From Colorado Springs, Colorado, USA:
My four-year-old son, weighing 38 pounds, recently had an OGTT after the pediatrician found ketones in his urine. The doctor's office had checked his urine after an episode of frequent urinating. The laboratory gave him 75g of glucose for the test. His fasting blood sugar was 57 mg/dl [3.2 mmol/L]; one hour was 201 mg/dl [11.2 mmol/L]; two hour was 214 mg/dl [11.9 mmol/L]; and his three hour was 161 mg/dl [8.9 mmol/L]. He tested negative for GAD-65 antibodies and his A1c was 5.0. We have monitored his blood sugar at home. Fasting sugars were all below 80 mg/dl [4.4 mmol/L] and his two hour post meal readings have never gone above 127 mg/dl [7.1 mmol/L]. Is it possible the glucose load caused a false positive reading in the OGTT? Do we continue to monitor his blood sugar?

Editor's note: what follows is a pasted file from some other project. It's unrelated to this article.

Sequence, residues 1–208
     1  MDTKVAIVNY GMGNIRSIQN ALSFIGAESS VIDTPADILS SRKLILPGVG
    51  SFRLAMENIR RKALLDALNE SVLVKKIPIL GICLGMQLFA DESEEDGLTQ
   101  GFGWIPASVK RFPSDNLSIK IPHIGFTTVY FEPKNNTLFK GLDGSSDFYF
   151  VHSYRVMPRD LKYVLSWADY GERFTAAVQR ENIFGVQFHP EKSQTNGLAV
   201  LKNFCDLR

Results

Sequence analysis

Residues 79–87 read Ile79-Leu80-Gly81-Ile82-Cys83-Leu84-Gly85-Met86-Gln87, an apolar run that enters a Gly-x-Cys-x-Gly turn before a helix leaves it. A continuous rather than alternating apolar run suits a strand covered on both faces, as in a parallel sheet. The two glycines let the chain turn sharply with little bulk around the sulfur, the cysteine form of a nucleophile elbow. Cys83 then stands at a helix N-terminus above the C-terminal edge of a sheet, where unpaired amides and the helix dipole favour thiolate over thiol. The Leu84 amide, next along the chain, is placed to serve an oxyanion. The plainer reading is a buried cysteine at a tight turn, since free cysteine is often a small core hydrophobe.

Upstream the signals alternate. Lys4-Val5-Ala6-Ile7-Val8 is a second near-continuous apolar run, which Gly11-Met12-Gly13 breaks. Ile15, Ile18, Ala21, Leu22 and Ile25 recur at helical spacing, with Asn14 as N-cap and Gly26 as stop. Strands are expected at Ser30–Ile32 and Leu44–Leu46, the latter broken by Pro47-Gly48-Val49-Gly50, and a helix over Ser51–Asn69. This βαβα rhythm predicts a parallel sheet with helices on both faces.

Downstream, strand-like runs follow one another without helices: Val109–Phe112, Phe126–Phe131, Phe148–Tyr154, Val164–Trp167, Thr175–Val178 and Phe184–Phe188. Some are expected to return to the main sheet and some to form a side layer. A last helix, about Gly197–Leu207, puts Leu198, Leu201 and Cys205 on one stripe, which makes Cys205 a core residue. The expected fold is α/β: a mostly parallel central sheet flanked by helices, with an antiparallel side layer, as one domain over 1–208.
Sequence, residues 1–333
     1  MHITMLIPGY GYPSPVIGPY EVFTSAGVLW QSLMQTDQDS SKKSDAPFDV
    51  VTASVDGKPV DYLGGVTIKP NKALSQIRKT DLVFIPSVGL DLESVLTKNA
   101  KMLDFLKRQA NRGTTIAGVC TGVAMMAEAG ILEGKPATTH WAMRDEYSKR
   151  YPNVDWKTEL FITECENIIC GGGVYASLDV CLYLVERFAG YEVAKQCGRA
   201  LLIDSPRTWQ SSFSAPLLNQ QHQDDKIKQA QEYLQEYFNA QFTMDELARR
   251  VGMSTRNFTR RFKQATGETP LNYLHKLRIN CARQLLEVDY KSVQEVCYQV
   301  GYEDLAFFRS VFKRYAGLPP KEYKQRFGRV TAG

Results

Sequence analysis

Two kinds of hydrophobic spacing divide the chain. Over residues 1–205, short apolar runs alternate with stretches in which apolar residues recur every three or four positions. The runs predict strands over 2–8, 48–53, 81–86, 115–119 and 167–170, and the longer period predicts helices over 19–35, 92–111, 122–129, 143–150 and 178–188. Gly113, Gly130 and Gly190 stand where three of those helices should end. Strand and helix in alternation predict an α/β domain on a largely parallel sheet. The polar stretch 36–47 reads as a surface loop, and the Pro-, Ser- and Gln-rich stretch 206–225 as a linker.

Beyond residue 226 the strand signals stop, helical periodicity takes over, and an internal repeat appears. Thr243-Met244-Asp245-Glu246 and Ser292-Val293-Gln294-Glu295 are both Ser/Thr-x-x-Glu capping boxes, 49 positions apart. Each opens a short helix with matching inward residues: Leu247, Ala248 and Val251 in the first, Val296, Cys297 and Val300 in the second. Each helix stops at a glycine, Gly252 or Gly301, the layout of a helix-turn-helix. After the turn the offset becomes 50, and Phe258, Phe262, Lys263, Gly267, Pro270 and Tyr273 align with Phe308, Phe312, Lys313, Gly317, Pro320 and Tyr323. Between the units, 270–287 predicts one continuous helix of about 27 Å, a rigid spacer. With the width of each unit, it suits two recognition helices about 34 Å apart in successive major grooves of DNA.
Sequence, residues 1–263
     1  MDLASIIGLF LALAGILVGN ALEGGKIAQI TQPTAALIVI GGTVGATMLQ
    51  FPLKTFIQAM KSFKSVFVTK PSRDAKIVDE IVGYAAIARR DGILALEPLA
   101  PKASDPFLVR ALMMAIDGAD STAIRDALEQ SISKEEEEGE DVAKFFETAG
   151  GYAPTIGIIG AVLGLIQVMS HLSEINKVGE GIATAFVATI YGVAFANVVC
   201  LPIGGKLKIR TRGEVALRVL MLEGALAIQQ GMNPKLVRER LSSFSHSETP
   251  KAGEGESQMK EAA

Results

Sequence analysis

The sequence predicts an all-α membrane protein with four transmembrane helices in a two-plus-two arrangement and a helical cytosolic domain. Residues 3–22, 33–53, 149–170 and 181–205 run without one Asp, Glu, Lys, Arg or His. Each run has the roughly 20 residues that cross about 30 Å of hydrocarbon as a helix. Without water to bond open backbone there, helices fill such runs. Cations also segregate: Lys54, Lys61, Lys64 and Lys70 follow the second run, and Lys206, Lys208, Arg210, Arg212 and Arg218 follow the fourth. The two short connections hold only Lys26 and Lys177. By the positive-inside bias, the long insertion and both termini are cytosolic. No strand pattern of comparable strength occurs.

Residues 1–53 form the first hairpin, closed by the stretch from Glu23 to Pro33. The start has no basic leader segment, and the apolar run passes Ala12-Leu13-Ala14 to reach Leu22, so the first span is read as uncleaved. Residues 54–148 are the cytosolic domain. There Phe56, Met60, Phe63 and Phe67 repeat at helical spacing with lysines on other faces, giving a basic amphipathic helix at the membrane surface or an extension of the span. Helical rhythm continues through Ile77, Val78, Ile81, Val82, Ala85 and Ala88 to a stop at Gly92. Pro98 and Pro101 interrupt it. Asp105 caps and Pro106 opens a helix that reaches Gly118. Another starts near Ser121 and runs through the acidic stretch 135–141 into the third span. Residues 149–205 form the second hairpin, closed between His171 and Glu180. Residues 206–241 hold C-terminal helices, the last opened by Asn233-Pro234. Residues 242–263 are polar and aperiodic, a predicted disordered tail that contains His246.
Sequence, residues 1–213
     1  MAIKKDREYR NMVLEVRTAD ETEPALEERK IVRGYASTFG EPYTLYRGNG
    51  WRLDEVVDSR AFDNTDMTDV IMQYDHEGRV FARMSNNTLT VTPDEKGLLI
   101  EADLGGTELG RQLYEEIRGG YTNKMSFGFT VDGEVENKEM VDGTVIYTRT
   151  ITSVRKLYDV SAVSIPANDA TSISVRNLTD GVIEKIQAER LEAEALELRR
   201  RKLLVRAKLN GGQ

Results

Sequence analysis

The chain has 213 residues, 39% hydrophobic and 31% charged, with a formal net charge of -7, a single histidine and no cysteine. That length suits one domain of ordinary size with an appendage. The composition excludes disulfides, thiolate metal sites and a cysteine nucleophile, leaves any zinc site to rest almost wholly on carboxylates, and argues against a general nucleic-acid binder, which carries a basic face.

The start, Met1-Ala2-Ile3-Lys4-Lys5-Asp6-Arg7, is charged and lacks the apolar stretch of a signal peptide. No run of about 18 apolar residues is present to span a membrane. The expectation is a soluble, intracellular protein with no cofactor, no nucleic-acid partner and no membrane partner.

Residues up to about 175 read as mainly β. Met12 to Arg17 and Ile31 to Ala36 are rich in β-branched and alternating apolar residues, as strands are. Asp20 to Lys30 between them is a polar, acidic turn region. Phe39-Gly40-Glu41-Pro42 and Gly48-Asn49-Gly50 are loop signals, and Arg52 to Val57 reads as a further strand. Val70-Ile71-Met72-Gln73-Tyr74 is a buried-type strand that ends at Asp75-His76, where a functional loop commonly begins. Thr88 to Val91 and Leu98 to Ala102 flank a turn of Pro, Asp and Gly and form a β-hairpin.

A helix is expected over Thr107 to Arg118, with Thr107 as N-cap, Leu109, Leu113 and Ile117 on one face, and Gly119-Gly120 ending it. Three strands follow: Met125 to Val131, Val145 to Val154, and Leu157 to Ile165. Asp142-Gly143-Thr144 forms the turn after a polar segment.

It sounds like he has what is called glucose intolerance and this often, but not always, leads to frank diabetes. He should be seen by a pediatric endocrinologist who can then follow him closely, track antibodies, pancreas response and give you specific advice for meal planning, blood glucose testing, what to do/expect on sick days,etc. There is some research evidence that being "strict" and avoiding sugars rests such a damaged pancreas so that the insulin production does not decrease as rapidly as if nothing is done. Exactly when, or if, he may need insulin would depend upon follow-up blood glucose, A1c, antibody levels, etc. Excess glucose given for an OGTT could cause high blood glucose spikes, but the dose is based upon his weight.
Last Updated: martes abril 06, 2010 15:10:10
This Internet site provides information of a general nature and is designed for educational purposes only. If you have any concerns about your own health or the health of your child, you should always consult with a physician or other health care professional.
This site is published by Children With Diabetes, Inc, which is responsible for its contents.
© Children with Diabetes, Inc. 1995-2013. Comments and Feedback.